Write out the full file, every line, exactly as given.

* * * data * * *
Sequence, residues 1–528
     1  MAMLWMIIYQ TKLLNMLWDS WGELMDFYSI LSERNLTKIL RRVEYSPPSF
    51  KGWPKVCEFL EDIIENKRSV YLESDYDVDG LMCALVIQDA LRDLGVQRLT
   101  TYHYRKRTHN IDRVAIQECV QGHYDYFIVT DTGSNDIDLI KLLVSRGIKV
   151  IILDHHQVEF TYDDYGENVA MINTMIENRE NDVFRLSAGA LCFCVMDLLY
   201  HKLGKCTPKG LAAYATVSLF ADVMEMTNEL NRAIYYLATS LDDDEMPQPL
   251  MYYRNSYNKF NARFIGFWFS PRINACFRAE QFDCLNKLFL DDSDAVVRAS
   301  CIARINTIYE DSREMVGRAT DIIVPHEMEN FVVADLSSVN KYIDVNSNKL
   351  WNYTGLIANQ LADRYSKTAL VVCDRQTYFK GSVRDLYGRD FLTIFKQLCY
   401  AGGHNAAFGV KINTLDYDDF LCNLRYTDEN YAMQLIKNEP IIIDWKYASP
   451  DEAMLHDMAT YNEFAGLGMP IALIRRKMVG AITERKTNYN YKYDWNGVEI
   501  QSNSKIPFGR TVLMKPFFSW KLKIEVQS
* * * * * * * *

Sequence, residues 1–528
     1  MAMLWMIIYQ TKLLNMLWDS WGELMDFYSI LSERNLTKIL RRVEYSPPSF
    51  KGWPKVCEFL EDIIENKRSV YLESDYDVDG LMCALVIQDA LRDLGVQRLT
   101  TYHYRKRTHN IDRVAIQECV QGHYDYFIVT DTGSNDIDLI KLLVSRGIKV
   151  IILDHHQVEF TYDDYGENVA MINTMIENRE NDVFRLSAGA LCFCVMDLLY
   201  HKLGKCTPKG LAAYATVSLF ADVMEMTNEL NRAIYYLATS LDDDEMPQPL
   251  MYYRNSYNKF NARFIGFWFS PRINACFRAE QFDCLNKLFL DDSDAVVRAS
   301  CIARINTIYE DSREMVGRAT DIIVPHEMEN FVVADLSSVN KYIDVNSNKL
   351  WNYTGLIANQ LADRYSKTAL VVCDRQTYFK GSVRDLYGRD FLTIFKQLCY
   401  AGGHNAAFGV KINTLDYDDF LCNLRYTDEN YAMQLIKNEP IIIDWKYASP
   451  DEAMLHDMAT YNEFAGLGMP IALIRRKMVG AITERKTNYN YKYDWNGVEI
   501  QSNSKIPFGR TVLMKPFFSW KLKIEVQS